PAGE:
Breaking: 'Intolerable Staff Turnover Rates at NYS Mental Health Housing Program Have Reached Crisis Proportions'

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February 28, 2017

Advocates: Intolerable Staff Turnover Rates at NYS Mental Health

Housing Programs Have Reached Crisis Proportions

Representatives of New Yorkers with serious mental health conditions and their families joined today with nonprofit agency mangers, direct care staff and statewide mental health advocates to call on Governor Cuomo and state legislators to take action this session to address the crisis in the state’s community mental health housing system.

“Staff turnover at state funded mental health housing programs has reached such unprecedented levels that New Yorkers with psychiatric disabilities can no longer rely on the stability of relationships that are central to their recovery,” said Harvey Rosenthal, executive director of the New York Association of Psychiatric Rehabilitation Services.

“Stable relationships that are based on trust, hope and compassion are essential to promoting wellness, recovery and independence, especially for those who are struggling to find their way through the very challenging process of early recovery,” he said.

“Trust in the staff who worked in my housing program was essential to starting my own personal process of healing,” said Tiffany Monti, a Long Island native who now serves on the NYAPRS Board of Directors and works with service animals. “I really needed the consistency, kindness and reliability of some very special staff members who believed in me and supported me to develop a sense of safety, stability and purpose.”

Over 800 self and system advocates are coming to Albany today from across New York to tell their legislative representatives and Administration officials to commit to a package of housing rates increases they say are essential to ‘stop the bleeding.’

Family members brought a special sense of urgency to their talks with policy makers.

“As family members, we recognize the enormous role that qualified, caring staff plays in ensuring that our loved ones continue along the path to recovery, said Wendy Burch, executive director of the National Alliance on Mental Illness-NYS.

Ultimately, the housing rate increases will more than pay for themselves.

“Without that continuity of care, our loved ones can slip through the cracks, risking hospitalization, homelessness and incarceration, all of which are of much higher cost to the taxpayer than proactively investing in housing with well-trained, long-term staff,” Burch added.

“Community mental health nonprofits can no longer effectively compete with for-profit retail businesses that can offer higher rates of pay to their employees,” said Susan Parinello, mental health program manager for Long Island agency, ADD and NYAPRS Co-President.

“That’s because for profit organizations can raise prices to pay for salary and other increases,” agreed Glenn Liebman, CEO of the Mental Health Association of NYS. “Nonprofits do not have that option and must rely on the state to take action and do the right thing for New Yorkers with serious mental health conditions and their families.”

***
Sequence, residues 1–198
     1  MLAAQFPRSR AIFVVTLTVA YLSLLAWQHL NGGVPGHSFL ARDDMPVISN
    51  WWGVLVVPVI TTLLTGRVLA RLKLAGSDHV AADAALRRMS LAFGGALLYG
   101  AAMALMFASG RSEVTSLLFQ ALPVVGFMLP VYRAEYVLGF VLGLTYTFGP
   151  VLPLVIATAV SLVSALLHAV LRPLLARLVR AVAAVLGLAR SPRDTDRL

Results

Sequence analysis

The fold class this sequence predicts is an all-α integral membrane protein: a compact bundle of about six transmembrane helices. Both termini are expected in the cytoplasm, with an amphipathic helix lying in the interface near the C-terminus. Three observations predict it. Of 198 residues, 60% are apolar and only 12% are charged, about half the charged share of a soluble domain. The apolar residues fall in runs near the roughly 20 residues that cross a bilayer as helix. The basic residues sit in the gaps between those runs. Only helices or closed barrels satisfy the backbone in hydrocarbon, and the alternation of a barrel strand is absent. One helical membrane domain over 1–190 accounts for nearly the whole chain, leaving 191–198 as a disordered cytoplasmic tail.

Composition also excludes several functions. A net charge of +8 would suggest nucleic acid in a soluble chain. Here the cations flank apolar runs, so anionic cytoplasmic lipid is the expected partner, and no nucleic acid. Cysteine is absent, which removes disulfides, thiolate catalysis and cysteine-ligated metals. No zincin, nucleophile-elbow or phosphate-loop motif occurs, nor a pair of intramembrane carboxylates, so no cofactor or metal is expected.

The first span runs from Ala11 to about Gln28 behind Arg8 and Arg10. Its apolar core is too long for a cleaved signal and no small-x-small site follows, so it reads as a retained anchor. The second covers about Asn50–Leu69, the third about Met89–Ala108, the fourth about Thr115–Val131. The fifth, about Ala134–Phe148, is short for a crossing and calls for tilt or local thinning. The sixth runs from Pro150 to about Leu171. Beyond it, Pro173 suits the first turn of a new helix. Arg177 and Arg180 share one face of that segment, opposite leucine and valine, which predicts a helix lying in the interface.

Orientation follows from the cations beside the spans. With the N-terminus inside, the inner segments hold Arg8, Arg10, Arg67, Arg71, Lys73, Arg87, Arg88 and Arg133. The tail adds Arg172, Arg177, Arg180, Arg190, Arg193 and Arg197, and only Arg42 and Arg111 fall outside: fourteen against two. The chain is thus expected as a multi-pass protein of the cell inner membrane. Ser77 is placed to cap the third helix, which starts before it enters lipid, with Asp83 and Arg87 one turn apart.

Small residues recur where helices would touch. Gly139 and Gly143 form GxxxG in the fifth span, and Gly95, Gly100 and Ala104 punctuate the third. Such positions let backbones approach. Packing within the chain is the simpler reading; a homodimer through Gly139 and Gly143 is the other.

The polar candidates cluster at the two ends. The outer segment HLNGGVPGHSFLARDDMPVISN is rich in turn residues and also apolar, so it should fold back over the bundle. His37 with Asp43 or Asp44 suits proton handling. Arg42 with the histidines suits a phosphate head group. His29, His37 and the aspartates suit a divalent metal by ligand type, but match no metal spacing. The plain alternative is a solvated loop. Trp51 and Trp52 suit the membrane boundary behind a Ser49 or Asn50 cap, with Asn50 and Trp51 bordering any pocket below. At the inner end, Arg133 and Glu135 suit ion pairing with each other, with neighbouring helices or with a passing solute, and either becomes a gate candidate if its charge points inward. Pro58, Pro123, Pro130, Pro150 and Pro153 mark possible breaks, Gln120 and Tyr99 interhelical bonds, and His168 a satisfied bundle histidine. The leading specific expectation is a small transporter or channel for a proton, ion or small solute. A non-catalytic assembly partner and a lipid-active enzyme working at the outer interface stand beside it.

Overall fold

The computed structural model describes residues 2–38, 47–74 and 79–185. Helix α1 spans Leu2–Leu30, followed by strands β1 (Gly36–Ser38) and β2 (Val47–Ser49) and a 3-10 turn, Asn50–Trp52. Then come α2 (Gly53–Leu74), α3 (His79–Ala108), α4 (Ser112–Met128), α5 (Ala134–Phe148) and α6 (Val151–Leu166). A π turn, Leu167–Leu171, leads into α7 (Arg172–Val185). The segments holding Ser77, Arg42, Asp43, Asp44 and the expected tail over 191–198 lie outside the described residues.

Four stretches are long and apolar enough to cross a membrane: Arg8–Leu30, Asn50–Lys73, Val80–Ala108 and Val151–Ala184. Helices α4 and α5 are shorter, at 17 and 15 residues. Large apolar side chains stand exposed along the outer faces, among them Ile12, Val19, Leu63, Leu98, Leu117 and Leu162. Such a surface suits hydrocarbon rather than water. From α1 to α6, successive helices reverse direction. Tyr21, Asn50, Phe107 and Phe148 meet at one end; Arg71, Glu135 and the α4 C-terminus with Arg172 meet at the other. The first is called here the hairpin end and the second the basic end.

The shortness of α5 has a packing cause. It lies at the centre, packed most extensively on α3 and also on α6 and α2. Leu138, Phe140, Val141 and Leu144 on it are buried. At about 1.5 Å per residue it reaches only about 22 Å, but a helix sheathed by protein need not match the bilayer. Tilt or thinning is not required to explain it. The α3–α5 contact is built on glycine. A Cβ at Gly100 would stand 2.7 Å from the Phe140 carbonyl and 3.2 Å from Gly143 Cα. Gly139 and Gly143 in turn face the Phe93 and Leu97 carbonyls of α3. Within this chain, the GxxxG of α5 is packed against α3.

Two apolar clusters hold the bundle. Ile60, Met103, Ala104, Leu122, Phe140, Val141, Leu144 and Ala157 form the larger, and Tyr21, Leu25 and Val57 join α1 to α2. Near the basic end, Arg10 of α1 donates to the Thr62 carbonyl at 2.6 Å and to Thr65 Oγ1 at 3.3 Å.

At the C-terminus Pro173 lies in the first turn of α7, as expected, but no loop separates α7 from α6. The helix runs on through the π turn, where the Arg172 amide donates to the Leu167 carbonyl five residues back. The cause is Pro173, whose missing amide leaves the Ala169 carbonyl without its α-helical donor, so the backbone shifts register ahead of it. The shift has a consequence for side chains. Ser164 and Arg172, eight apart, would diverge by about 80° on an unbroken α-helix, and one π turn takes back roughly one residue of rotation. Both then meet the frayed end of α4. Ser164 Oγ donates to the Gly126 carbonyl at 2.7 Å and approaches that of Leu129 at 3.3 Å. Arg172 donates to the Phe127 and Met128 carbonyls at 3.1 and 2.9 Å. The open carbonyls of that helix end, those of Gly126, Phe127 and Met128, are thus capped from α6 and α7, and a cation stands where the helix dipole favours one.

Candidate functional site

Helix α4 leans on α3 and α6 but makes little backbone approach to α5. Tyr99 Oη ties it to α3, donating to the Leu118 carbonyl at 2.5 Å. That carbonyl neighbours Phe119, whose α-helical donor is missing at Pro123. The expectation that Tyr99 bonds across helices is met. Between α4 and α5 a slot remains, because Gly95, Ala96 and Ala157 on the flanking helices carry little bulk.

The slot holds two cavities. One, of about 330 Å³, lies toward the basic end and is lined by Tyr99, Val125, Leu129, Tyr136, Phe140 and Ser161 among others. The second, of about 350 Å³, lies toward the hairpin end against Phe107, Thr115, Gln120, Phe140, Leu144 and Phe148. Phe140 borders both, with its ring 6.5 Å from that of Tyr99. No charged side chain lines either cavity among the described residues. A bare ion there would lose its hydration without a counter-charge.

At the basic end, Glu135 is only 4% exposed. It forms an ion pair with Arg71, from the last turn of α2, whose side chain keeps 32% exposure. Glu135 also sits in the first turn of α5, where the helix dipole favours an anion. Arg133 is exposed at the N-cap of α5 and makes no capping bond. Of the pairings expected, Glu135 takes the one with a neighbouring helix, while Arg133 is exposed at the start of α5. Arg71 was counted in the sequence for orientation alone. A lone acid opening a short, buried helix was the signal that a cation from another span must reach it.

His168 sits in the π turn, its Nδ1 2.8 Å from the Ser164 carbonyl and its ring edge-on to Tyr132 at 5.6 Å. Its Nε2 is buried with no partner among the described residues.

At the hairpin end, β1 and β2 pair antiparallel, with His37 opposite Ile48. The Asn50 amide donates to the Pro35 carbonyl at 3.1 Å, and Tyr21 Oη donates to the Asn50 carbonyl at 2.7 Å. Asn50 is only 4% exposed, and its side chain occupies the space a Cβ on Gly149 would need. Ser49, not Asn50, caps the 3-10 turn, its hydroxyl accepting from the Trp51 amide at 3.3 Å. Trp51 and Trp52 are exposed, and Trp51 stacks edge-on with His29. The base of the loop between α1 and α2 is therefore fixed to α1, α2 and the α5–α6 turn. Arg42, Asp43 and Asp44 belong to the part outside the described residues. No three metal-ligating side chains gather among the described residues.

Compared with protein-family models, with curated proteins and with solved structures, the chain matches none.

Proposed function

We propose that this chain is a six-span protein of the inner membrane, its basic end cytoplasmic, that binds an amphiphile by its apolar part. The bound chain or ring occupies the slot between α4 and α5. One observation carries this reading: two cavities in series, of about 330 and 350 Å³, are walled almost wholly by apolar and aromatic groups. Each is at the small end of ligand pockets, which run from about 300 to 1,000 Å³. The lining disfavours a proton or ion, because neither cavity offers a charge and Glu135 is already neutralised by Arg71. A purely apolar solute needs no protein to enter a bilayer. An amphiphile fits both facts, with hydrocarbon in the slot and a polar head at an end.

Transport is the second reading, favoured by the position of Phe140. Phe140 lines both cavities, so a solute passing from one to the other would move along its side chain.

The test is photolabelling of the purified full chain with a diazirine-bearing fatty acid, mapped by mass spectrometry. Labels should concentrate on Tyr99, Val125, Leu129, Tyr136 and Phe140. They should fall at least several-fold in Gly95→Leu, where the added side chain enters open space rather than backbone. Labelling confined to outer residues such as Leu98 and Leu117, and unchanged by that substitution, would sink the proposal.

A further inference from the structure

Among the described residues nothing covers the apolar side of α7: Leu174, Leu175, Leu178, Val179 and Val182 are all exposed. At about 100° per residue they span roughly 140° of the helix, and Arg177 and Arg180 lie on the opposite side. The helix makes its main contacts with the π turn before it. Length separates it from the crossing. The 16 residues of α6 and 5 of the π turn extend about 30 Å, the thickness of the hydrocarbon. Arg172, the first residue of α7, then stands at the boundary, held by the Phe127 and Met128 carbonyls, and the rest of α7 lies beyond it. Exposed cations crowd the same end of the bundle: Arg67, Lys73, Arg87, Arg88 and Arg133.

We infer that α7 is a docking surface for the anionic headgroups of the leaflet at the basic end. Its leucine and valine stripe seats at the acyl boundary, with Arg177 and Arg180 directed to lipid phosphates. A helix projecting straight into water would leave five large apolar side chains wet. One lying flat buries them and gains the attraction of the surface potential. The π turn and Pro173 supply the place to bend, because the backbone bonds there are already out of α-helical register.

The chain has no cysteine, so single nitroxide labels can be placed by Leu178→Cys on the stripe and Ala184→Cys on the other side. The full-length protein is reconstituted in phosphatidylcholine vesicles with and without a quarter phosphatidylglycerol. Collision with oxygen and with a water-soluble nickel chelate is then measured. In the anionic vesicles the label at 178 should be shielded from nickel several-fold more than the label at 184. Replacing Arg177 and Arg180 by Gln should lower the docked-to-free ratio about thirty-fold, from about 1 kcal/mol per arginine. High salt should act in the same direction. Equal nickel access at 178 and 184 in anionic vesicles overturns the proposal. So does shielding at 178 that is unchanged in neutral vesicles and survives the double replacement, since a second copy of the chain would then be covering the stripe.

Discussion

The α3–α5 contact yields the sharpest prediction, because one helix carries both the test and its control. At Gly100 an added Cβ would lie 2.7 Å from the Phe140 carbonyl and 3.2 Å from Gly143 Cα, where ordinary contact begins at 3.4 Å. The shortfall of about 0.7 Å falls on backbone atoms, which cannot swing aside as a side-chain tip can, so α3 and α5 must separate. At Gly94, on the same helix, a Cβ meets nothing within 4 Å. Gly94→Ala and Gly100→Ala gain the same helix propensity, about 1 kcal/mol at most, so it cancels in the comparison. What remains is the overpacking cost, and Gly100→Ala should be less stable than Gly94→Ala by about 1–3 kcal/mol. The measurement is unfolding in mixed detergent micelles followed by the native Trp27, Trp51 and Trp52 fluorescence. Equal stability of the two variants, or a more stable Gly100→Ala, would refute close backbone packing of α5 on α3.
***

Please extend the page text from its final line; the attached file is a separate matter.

“Upwards of 80% of our agency’s workforce are working at more than one job just to make ends meet,” Parinello said.

Staffing shortages often require these workers to unexpectedly stay to work 2 shifts in a row, challenging their ability to keep those second or third jobs.

At the recent mental hygiene budget hearing, a number of state legislators expressed great concerns that efforts to bring salaries up to minimum wage levels by 2020 will still not be enough.

ADD housing staffer Pat Ward agreed. “Staff are simply overworked and underpaid for such an important job.”

And the crisis extends to every level of the community nonprofits.

Ellen Pendegar, CEO of the Mental Health Association of Ulster County has had to come in to cover weekend overnight shifts caused by inadequate staffing levels.

“All of us at the MHA are doing everything possible to keep our commitment to provide a stable and safe environment for the individuals we serve,” Pendegar added.

The Association for Community Living, the organization that supports mental health housing programs across the state, provided some alarming details.

“A recent survey of ACL Members showed staff turnover rates averaging between 35 to 74%. This is completely unacceptable,” said Doug Cooper, ACL Associate Executive Director.

“The relationships between staff and the people living in housing programs are the most important component of the service we provide,” Cooper added. “We must be provided the funding to compensate staff for their extraordinary dedication and service.”

The advocates are looking to top legislative leaders and the Governor to commit to a $38 million investment for each of the next 3 years to address the housing crisis, Liebman said.

“We can wait no longer,” Rosenthal said. “Our policy makers must address this shameful situation this session.”

Contact Information

  • Harvey Rosenthal, New York Association of Psychiatric Rehabilitation Services, 518-527-0564
  • Susan Parinello, Mental Health Program Director, Pat Ward, Staff Member; and Tiffany Monti, former resident, ADD, Riverhead, NY; 631-727-6220
  • Ellen Pendegar, CEO, Mental Health Association in Ulster County; 845-336-4747
  • Irene Turski and Wendy Burch, National Alliance on Mental Illness-New York State; Matthew Shapiro at 518-542-3437; 518-462-2000
  • Doug Cooper, Association for Community Living, 518-527-9768
  • Glenn Liebman, Mental Health Association of New York State, 518-360-7916